Making memories of moments

With a simple platform to compile pictures, videos and voice notes, Shriya Sekhsaria promises to bring back the best of the past for your loved ones 
Making memories of moments

CHENNAI: On July 13, 2020, amid the pall of corona gloom, Coimbatore resident Geetha Sekhsaria turned 75. While she expected it to be just another day,   a surprise arrived for her in the form of a digital memory jar, created by five generations of the Sekhsaria family. A birthday video carrying messages and wishes from friends, family and relatives was made on, assuring Geetha a memorable day. “She spent the whole day looking at the video, going through the several messages that we had put together, and celebrating her birthday with all of us, in different parts of the world, on Zoom,” shares Geetha’s granddaughter Shriya Sekhsaria, who conceptualised the idea of a website to create memory jars for loved ones.

In 2018, the 24-year-old Princeton University graduate’s thesis focus was — ‘Can we make an experiment to make someone happy in ten minutes.’ From getting the participants of her study talk to their friends to trying out exercise routines, Shriya set the ball rolling. But, cracking the ‘X’ factor that made all the participants happy was still a challenge. After much hard thinking, her Eureka moment happened when she thought of memory jars — an idea that she was working on for another project.

“In 2015, I wanted to document the tales of terminally-ill children of India into a non-fiction book and use the proceeds from the sales to aid in their treatment. Unfortunately, during the publishing process, a few of them passed away. When their families were grieving, I thought of printing out the children’s memories and stories that they had shared with me into memory jars and giving them to the parents. They called and told me that reading those notes reduced their grief, making them feel like a part of their children was still alive with them. I, then, thought of creating the same with the participants of my study,” shares Shriya.

She observed that her participants — senior students in her college, residents of old age homes within a 35-mile radius of the University and online participants — became happy within ten minutes of going through their own memory jars. After graduation, setting up a website for this idea and spreading happiness across the globe seemed like the ideal way forward.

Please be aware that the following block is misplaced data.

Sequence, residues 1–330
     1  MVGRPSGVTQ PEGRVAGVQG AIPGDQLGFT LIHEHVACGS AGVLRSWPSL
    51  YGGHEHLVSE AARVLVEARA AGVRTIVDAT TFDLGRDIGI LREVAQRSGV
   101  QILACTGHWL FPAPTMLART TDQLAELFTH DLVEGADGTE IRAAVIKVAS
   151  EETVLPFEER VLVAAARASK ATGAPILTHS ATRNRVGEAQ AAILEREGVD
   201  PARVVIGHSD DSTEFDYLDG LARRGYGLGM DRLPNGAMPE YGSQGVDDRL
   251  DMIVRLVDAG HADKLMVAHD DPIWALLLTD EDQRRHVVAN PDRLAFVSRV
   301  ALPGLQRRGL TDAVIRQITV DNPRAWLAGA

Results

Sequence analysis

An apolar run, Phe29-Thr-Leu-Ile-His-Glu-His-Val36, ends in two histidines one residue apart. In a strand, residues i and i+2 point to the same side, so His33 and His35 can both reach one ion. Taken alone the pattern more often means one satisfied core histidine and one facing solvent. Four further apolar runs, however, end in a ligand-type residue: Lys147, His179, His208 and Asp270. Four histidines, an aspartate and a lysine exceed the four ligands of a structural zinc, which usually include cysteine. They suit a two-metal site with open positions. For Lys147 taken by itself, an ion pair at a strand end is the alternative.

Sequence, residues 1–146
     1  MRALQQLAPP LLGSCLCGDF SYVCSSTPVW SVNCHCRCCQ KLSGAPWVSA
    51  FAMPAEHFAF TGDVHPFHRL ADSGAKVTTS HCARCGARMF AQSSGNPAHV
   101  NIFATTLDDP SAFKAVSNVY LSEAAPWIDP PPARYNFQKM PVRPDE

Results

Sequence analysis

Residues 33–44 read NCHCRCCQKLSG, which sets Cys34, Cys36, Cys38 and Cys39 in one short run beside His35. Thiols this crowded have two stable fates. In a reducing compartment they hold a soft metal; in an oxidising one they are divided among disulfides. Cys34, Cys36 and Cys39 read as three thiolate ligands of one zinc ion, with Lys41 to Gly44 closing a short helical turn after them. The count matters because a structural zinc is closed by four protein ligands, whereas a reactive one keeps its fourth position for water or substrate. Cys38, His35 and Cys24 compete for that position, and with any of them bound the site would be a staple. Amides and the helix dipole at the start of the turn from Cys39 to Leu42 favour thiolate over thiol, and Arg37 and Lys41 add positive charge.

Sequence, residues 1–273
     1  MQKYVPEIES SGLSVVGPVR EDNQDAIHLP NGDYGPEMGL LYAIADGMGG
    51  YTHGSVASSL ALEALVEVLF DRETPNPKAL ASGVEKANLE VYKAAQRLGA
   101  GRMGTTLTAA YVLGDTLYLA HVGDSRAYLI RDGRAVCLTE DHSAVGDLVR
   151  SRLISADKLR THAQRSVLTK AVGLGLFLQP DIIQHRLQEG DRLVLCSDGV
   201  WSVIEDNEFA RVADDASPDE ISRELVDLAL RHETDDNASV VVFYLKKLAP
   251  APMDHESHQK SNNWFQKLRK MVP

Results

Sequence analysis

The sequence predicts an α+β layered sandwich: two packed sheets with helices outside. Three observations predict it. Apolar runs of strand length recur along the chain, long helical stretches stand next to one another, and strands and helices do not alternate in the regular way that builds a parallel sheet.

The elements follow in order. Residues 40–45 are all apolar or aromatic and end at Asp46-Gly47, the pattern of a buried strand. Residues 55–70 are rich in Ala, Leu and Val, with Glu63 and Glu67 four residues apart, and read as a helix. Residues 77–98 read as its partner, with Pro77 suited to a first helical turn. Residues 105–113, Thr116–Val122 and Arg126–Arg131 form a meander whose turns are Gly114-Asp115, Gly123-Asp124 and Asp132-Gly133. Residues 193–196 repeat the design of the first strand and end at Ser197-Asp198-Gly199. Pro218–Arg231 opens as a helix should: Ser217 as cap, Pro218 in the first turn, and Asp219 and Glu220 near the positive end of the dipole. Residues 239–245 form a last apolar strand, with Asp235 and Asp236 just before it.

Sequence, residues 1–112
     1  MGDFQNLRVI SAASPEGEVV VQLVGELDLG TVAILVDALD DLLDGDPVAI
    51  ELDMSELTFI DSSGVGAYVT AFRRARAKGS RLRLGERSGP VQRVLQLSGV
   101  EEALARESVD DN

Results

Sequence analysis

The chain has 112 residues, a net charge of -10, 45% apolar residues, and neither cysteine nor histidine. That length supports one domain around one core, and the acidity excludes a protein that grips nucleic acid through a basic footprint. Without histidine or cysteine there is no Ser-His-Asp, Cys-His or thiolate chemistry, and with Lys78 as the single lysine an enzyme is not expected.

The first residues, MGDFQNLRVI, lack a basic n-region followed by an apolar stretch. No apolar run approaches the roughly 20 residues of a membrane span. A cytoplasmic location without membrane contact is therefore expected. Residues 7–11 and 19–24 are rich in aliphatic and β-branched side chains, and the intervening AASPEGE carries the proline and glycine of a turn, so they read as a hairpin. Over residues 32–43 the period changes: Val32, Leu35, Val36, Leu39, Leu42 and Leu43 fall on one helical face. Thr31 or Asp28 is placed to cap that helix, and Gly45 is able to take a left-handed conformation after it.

A jar full of joy

The site is accessible to people for free. In four simple steps, anyone can start a digital memory jar on First, you create a memory jar on the site by giving your jar a name with your email ID. Then, you add memories in the form of photos, videos, voice notes and texts. Each jar gets a URL, which you can share with anyone you want and invite them to add their memories to the jar as well. “The fourth step is optional. You can either present the URL to the person for whom you have created the memory jar or you can order a physical memory jar — that is our only source of revenue. The jars can be customised in glass, canvas, acrylic, etc. They are made by artisans from across India. We have an 85-year-old woman named Radha making jars out of tapioca bar, and another woman from Udumalpet who makes clay jars. This way, we are employing many women,” she says. 

While the photos and texts can be printed and placed inside the jars, Shriya has come up with a new concept to watch the videos and listen to the audio notes. “It is something like the QR code system, which has been embedded on the jar. When the person brings their phone close to it, the video or voice note starts playing,” she adds. Even after you have made a link (URL) into a physical jar, the user can continue to add  memories.

Shriya received help from all quarters, including her mother Priya Sekhsaria, who often made scrapbooks and wrote letters to her when she was a child. “While we were figuring out the technical aspects, she was doing her research and getting in touch with artists whose works inspired her,” points out Shriya, adding that to reduce the carbon footprint, the jars come in boxes made out of recycled t-shirts and cow dung.

Privacy protected

Shriya and her team worked for 16 months designing the privacy settings for the website. “As soon as a user creates a memory jar, two locks by default get activated. One is to restrict crawlers — where you Google a person’s name and you can see their pictures. The second lock is for the Lumhaa team itself as we will not be able to see the memories that the user is adding. There is a third optional lock, which the user can use to lock certain memories with a username and password, which will not be available to even other members they invite,” she explains.

The adversity of the pandemic brought an opportunity for Lumhaa, which gained a lot of popularity with parents creating memory jars for their newborns, jars for celebrations, as a personal diary to record your day in a 90-second survey, and jars for various relationships (especially among the LGBTQI+ community). With this sweet success, Shriya has reached out to schools and colleges across India to make memory jars for each student in every batch.Creating memories might be easy, but it is preserving them that’s a challenge. With Lumhaa, Shriya hopes that all your special moments remain etched for eternity.

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The New Indian Express